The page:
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Article 404: Switches

By Mike Holt, for EC&M Magazine

Don't let your familiarity with switches interfere with NEC compliance.

We've been around switches all of our lives. We even have them throughout our homes. They are so familiar to us, we can easily think we know all about installing them.

But, the NEC devotes an entire article (404) to switches. Article 100 provides six separate definitions for "switch," covering bypass isolation, general-use, general-use snap, isolating, motor-circuit, and transfer. Article 404 requirements apply to all switches, switching devices, and circuit breakers used as switches.

Some like it hot

You wire a switch to make or break the supply conductor-also called the hot lead. The NEC specifically bars switching the grounded (neutral) conductor or the grounding conductor [404.2(B)] (Figure 404-2).

Note: Graphics are not included in this newsletter.

Thus, for a simple on/off operation of a 120V light, you wire the switch contacts in series with the hot lead. That is, the hot lead comes from the supply to the switch, and then goes from the switch to the light. The neutral and ground wires are not switched, though you must ground the switch body.

This same hot wire logic carries over to three-way and four-way switches. When you wire in such a configuration, you are still switching only the ungrounded (hot) conductor [404.2] (Figure 404-1).

In applications where you are pulling wires from spools into raceway, your black wire is hot, neutral is white (or gray), and green or bare is ground. You could use some other color for the switched hot, if you desired. But, what if you are using a three-wire cable?

Residential applications typically use nonmetallic-sheathed cable for all circuits. Industrial and commercial applications often use some type of metallic cable assembly for 120V power distribution-for example, when deploying pre-fab "snap-in" construction methods. If you are running a cable assembly, how do you wire for a switch? After all, you have only one black wire in that cable.

You can use the white or gray conductor within a cable assembly for single-pole, three-way or four-way switch loops if it is permanently re-identified to indicate its use as an ungrounded (hot) conductor at each location where the conductor is visible and accessible [200.7(C)(2)].

Installation issues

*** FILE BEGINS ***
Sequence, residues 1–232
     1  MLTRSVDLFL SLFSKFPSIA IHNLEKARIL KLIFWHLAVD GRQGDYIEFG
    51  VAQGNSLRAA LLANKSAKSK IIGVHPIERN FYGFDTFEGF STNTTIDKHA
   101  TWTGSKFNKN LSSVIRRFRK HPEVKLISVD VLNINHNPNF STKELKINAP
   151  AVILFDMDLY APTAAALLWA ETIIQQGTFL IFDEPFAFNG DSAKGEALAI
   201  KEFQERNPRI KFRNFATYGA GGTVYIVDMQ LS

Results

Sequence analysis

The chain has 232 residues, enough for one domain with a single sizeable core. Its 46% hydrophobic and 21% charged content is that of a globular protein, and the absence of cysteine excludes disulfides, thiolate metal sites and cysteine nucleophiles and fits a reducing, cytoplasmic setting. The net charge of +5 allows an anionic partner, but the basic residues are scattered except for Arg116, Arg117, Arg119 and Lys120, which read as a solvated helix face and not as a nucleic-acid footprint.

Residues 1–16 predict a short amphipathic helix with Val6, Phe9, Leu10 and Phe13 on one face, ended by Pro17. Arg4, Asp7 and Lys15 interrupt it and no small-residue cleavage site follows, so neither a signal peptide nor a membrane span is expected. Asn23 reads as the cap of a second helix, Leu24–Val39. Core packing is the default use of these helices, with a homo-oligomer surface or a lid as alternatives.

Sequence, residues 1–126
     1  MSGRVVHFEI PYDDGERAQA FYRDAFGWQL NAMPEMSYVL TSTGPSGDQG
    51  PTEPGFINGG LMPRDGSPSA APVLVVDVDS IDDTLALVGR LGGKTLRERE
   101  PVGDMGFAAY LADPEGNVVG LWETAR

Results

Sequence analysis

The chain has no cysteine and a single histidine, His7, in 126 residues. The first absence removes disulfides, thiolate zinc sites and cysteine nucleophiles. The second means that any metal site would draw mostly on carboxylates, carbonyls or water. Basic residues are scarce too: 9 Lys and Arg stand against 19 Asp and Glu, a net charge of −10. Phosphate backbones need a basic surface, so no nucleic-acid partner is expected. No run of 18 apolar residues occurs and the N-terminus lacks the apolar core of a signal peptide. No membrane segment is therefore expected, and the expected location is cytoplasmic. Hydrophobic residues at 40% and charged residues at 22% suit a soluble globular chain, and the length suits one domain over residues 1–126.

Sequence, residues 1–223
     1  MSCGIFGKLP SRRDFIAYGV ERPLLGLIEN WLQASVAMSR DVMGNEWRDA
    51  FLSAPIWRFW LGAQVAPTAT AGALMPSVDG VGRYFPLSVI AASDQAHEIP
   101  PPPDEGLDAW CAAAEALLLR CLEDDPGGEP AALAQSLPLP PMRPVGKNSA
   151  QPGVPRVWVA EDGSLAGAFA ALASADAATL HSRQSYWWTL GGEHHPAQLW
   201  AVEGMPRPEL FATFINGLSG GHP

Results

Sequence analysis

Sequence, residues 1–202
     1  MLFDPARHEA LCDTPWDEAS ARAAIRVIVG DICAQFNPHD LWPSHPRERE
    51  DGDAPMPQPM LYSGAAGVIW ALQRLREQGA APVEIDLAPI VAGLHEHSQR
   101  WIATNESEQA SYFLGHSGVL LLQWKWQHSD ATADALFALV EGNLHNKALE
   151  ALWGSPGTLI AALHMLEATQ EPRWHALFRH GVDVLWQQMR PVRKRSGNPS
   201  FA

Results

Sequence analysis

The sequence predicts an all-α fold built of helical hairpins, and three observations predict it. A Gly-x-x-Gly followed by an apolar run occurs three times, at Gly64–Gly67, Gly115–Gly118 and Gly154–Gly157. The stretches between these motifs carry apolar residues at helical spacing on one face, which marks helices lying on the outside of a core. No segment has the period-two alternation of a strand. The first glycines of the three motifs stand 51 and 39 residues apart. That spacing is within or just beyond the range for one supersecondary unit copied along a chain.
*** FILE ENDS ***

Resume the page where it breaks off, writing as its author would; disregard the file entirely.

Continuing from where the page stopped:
Now that we've addressed the hot wire, what about switch installation requirements? You need to consider such issues as:

  • Induction. Where metal raceway (or metal-clad cable) contains the conductors for switches, arrange the wiring to avoid inductively heating the surrounding metal. To accomplish this, run all conductors of a given circuit in the same raceway [300.3(B) and 300.20(A)]. Note the exception, though-a grounded (neutral) conductor is not required in the same raceway or cable with travelers or switch leg (switch loops) conductors.

  • Switch enclosures [404.3(B)]. Switch enclosures can contain splices and taps, and can have conductors feed through them. But this is true only if the splices or taps do not fill the wiring space (at any cross section) to more than 75 percent, and the wiring (at any cross section) does not exceed 40 percent [312.8] (Figure 404-3).

  • Wet locations [404.4]. You can locate switches next to, but not within, a bathtub or shower space (unless the switch and its assembly have been listed for this purpose)-see Figure 404-5. You must locate switches at least 5 ft from pools [680.22(C)], outdoor spas and hot tubs [680.41], and indoor spas or hot tubs [680.43(C)] (Figure 404-6). This 5 ft rule does not apply to switches located adjacent to bathtubs, shower stalls, or hydromassage bathtubs [680.70 and 680.72] (Figure 404-7).

  • Position. When the switch is operated vertically, observe the "on" marking and install the switch so the "up" position means "on." This provides a failsafe operation in the direction of gravity [240.81]. Of course, three-way and four-way switches are not marked "on" or "off" so this rule does not apply to them.

Accessibility and Grouping

All switches (and circuit breakers used as switches) must be operable from a readily accessible location. Install them so the center of the operating handle grip (when in its highest position) is not more than 6 ft 7 in. above the floor or working platform [404.8] (Figure 404-8).

You can mount switches (and circuit breakers used as switches) higher than 6 ft 7 in., if they are next to the equipment they supply and are accessible by portable means (Figure 404-10). There is no minimum height requirement for switches.